“What is belonging?” we ask.
She says, “Where loneliness ends.”
Rivers Solomon, The Deep
“According to a report released last week by the Pew Research Center, 1 in 5 Asian Americans have hidden parts of their culture from non-Asians at some point in their lives…’They either changed their behaviors or didn’t talk about their heritage or changed their clothing just to fit in, especially those who were around people who are not Asian or in schools that were predominantly without Asian people,” said Neil Ruiz, head of Pew’s new research initiatives and one of the authors of the report.’” (NBCNews.com, Pew Research Center)
In order to understand belonging, we have to first understand the difference between belonging and fitting in.
When I first read the Pew Research Center report on Asian Americans, what stood out for me was the deliberate effort to fit in reported by a large percentage of Asian Americans. Similar research on African Americans, immigrants, the LGBTQI community, people with disabilities, and other marginalized groups demonstrates the extent to which people go simply to fit in. The need to fit in is driven by our survival instincts, an innate and socialized knowing that standing out as different can make us targets in painful and dangerous ways.
We work hard to fit in because we think fitting in will lead to belonging, but the paradox of belonging is that if we are trying to fit in, it is because we know we don’t organically belong. When we feel like we belong, we aren’t working to fit in. When we are working to fit in, we are trying to make it easier for people around us to treat us as if we belong. The exhausting irony in this is that as long as we are trying to fit in, we won’t feel like we belong no matter how others treat us.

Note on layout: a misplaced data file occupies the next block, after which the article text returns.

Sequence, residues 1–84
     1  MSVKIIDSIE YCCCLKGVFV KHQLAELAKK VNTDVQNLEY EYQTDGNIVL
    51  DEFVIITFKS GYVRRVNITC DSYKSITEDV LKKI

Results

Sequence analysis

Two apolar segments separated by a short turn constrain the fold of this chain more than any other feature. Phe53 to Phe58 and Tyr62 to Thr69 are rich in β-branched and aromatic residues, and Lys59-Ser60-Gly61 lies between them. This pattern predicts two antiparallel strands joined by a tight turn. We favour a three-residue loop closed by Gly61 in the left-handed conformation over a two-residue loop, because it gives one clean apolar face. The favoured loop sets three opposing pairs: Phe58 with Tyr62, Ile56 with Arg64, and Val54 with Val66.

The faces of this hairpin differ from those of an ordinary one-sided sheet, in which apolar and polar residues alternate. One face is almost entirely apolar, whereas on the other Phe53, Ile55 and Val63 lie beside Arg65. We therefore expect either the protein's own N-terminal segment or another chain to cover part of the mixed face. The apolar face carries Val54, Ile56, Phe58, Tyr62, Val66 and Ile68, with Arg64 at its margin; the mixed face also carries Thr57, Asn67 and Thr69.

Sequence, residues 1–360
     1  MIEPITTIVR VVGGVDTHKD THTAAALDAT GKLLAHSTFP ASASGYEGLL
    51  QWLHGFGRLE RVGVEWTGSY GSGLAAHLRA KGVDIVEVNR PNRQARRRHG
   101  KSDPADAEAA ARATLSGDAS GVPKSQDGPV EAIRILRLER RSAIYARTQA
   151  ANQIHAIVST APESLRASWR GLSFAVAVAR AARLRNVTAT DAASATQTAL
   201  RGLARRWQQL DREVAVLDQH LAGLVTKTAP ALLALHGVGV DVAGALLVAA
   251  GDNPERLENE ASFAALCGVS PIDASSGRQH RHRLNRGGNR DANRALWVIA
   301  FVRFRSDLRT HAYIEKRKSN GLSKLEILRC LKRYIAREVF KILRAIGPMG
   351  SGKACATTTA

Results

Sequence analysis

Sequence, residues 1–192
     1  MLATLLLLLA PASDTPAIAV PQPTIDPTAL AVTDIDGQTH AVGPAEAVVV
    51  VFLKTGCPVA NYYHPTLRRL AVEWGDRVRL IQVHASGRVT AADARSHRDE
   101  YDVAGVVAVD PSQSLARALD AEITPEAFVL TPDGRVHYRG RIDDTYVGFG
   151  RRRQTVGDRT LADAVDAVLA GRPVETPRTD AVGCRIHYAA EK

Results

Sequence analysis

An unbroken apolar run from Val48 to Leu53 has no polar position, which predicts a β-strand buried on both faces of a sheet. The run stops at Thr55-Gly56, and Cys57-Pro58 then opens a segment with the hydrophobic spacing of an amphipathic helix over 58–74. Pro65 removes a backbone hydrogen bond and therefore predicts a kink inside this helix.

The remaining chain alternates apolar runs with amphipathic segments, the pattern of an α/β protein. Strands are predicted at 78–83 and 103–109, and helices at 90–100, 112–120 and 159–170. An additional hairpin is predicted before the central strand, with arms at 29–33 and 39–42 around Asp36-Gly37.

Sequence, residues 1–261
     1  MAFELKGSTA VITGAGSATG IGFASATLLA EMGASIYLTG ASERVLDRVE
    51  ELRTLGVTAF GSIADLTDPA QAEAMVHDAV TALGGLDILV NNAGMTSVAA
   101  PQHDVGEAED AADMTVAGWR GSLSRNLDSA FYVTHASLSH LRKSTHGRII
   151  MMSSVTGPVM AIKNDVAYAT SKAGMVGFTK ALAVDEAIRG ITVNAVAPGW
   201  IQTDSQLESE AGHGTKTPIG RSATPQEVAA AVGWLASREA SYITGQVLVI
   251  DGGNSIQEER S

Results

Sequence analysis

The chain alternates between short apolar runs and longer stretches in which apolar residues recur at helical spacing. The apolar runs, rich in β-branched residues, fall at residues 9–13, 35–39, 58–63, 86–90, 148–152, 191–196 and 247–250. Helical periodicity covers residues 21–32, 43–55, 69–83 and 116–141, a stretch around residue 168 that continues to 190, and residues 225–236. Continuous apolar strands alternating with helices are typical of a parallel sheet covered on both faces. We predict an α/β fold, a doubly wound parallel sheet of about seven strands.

Fitting in drains energy and makes people vulnerable to chronic stress and attrition. Belonging fuels us with connection and increases engagement, retention, and happiness. Fitting in and belonging have drastically different impacts, but they can look the same on the surface if you aren’t looking closely.
Recognizing this difference between fitting in and belonging is essential to creating inclusive workplaces. Here are a few things you can do to start exploring the difference for yourself and your workplace:
- Where do you feel like you belong? Where do you feel like you have to work to fit in? What can this reflection help you understand about people in your workplace who may look like they belong but may be exhausted from the work they are doing to fit in?
- What language do you use in your hiring criteria and your performance evaluations? The more you focus on “fit,” the more you are encouraging people to fit in instead of creating an environment where people feel like they belong.
- Start the tough conversations in your workplace. How can your DEI efforts explore this difference between fitting in and belonging? Are there ways to integrate questions about fitting in vs. belonging into your engagement surveys or other workplace assessment tools?
Belonging is a necessary focus for any DEI efforts, but focusing on belonging without understanding the difference between belonging and fitting won’t advance inclusion; it will just put the responsibility on those who don’t feel like they belong to work harder to look like they belong.